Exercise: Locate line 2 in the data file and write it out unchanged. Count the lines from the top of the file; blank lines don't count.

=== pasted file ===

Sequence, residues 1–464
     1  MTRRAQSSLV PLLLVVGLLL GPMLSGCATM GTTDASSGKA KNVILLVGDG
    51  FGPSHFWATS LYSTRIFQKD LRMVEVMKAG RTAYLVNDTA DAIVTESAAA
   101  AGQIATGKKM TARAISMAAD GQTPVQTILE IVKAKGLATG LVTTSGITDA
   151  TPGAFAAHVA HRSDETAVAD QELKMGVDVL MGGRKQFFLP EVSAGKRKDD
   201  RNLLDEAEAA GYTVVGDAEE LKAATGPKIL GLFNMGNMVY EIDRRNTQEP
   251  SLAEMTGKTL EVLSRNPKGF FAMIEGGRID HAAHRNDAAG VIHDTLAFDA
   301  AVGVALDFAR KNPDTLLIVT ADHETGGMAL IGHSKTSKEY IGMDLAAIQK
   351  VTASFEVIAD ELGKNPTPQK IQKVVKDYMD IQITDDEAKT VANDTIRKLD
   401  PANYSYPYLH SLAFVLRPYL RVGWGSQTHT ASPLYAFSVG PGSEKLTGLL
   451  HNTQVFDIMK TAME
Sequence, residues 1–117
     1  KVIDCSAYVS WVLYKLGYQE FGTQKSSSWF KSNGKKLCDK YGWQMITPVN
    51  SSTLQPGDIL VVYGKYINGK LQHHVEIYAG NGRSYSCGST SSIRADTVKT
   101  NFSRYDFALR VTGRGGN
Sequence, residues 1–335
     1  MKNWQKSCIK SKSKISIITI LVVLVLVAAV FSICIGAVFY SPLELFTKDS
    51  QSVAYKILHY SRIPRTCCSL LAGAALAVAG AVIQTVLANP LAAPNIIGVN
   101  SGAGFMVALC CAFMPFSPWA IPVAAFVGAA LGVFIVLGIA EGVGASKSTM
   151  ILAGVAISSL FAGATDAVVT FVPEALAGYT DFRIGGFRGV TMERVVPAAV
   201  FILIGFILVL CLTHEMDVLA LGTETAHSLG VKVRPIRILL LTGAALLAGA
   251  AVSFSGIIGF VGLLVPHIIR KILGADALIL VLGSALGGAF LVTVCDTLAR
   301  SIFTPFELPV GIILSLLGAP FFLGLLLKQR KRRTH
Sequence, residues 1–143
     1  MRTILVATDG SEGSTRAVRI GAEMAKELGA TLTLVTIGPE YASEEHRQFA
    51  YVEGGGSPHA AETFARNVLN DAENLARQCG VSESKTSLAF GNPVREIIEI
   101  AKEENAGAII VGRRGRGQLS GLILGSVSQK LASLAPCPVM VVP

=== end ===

     1  MTRRAQSSLV PLLLVVGLLL GPMLSGCATM GTTDASSGKA KNVILLVGDG